Obscured behind the smoke of the start-Mike-or-Mitch brouhaha is the reality that the Bears have, not one, but two viable options at quarterback that they have not yet unveiled. And neither of them involve starting Mitch Trubisky a week from Monday against the Minnesota Vikings.
And either of which would be preferable to starting an inexperienced, very green rookie against a defense that went into this weekend ranked No. 3 in rush yards allowed – which should be more than a little concerning for a team whose offensive identity is pegged to running the football.
One point to be clear on going into the Bears’ current quarterback scenarios: Trubisky is not ready to start an NFL game. If he were, he would have already. It’s a point that’s gotten lost in the mayhem created by Glennon’s play. Two things are not – repeat: not – linked: How good or bad Glennon is, and whether Trubisky is a better, NFL-ready option.
Understand that one basic tenet of the John Fox regime is that he needs/wants to win now or he’s increasingly likely to be out of a job. If Trubisky were the Bears’ best clear chance to win NOW, he would be playing. Allow that Fox and the staff can rate quarterbacks.
As far as QB decisions: GM Ryan Pace is involved in player decisions and has his own opinion on what should be happening. But he’s in the position of being “right” either way: If Glennon is good, that was Pace’s signing. If Trubisky is good, that was Pace’s draft call.
Structurally, Pace could order Fox to play one of the two. But several points here: That’s not Pace’s operating philosophy or style. Fox could quite possibly resign on the spot (and Pace would have a difficult task finding a quality coach for a culture in which the GM tells the coach whom to play); and those GM-dictated situations commonly blow up, as the Bears’ did in 2013 when the Marc Trestman staff was ordered by Phil Emery to reinstate Jay Cutler as the starter over a Josh McCown whom coaches privately wanted to remain the starter.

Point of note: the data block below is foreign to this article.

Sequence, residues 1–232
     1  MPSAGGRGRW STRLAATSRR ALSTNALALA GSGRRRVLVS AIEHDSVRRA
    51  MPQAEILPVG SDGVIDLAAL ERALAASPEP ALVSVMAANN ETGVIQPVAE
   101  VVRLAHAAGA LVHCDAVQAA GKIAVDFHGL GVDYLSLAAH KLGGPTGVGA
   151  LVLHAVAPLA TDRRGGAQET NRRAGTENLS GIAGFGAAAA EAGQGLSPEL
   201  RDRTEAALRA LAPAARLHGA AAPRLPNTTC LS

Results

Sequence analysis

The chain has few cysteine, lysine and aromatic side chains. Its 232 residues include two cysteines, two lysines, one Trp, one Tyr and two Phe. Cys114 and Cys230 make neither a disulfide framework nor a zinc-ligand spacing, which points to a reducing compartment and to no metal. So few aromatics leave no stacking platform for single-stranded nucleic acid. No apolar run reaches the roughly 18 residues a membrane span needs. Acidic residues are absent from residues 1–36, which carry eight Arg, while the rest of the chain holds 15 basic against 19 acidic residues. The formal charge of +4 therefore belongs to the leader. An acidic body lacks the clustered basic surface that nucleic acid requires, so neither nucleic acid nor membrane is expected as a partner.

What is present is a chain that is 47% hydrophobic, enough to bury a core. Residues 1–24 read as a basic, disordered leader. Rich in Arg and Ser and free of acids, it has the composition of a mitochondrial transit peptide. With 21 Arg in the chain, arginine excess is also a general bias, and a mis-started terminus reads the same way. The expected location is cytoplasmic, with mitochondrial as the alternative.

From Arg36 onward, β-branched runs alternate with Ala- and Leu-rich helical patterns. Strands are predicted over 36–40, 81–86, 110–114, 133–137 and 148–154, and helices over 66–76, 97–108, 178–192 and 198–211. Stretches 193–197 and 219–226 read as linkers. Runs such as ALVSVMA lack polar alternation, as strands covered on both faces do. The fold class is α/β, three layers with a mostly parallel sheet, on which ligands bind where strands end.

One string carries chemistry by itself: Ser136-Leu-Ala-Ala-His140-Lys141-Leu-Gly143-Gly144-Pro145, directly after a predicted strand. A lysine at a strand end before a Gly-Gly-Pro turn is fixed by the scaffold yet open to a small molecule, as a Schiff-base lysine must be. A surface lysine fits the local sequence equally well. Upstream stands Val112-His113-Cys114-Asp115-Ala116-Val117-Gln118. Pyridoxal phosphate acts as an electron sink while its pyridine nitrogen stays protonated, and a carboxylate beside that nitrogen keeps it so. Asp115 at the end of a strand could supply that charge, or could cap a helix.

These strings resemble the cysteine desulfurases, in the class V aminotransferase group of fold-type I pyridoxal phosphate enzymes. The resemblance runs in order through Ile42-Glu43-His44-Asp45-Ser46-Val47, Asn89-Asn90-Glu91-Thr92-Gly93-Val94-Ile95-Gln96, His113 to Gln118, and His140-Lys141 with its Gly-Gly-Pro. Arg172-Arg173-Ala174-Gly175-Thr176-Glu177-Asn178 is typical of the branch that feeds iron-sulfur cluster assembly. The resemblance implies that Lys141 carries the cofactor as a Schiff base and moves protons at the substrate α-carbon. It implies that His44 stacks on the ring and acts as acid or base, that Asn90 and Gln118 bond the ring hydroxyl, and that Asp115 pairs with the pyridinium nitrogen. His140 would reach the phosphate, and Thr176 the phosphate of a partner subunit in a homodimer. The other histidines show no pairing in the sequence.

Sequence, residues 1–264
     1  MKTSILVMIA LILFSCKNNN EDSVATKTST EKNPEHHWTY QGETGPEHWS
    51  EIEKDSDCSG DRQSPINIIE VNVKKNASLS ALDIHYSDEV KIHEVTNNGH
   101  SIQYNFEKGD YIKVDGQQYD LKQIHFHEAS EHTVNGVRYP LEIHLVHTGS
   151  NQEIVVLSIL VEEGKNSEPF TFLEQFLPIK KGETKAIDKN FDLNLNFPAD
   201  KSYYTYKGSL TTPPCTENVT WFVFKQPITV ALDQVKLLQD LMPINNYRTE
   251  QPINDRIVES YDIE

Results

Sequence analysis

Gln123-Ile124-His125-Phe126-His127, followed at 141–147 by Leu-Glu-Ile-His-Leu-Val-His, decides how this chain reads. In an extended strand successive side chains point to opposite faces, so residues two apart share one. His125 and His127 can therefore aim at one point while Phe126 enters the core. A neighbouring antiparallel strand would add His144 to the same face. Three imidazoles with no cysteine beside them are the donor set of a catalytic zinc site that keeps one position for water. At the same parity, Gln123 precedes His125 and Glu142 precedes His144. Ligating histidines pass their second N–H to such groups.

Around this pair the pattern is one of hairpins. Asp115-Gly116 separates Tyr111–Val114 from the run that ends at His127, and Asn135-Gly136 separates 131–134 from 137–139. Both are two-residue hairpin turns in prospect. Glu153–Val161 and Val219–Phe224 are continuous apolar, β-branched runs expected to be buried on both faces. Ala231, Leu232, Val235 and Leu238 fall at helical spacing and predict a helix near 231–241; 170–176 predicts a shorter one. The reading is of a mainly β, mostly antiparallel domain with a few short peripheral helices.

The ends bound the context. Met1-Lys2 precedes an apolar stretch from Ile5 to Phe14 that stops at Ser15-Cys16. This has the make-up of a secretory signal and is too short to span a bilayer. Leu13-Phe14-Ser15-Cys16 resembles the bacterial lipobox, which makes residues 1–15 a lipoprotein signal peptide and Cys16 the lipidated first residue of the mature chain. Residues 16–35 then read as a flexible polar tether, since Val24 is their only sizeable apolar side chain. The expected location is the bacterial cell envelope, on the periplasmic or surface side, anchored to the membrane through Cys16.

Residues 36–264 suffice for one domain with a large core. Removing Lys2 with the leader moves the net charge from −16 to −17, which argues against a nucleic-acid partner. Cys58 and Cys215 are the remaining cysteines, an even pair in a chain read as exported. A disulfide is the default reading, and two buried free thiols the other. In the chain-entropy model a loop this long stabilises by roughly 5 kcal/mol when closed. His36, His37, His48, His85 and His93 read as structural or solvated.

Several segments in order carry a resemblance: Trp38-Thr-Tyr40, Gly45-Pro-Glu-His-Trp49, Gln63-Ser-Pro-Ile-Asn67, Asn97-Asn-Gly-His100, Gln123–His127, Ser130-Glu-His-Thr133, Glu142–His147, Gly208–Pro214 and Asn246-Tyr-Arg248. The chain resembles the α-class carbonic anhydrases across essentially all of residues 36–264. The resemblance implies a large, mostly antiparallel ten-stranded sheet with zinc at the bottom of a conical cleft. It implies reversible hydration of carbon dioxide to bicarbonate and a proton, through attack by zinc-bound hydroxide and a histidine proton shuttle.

(Pace’s starter preference isn’t a matter of public record, but a surprise would be if he wanted Trubisky under center before the young man is somewhere within sight of ready. Besides the injury risk inherent in uncertain play, if Trubisky is ghastly, Pace would be pilloried for having whiffed on his first two major quarterback efforts.)
But the Bears do have alternatives to prematurely (which it would be) turning their franchise future into its present:
Option 1: The McNair/McNown Maneuver
Amid the rubble left after a couple of Glennon’s starts, the Trubisky debate has broken along obvious and predictable lines: bring him along as unhurriedly as possible, allowing him to learn the NFL game while minimizing the chance of catastrophic setback; or give him the keys and directions to downtown, and let him learn how to drive in rush-hour traffic.
But what if there were a hybrid NFL orientation plan, say, one in which the rookie quarterback is inserted and plays a predetermined series or two each game and… .
Oh, wait, the Bears tried that once, and it definitely didn’t work.
But it is an alternative that at least one member of the extended Bears family – and who was part of that experiment in 1999 – who thinks is an option preferable to simply parachuting The Kid into a Monday Night Football crucible.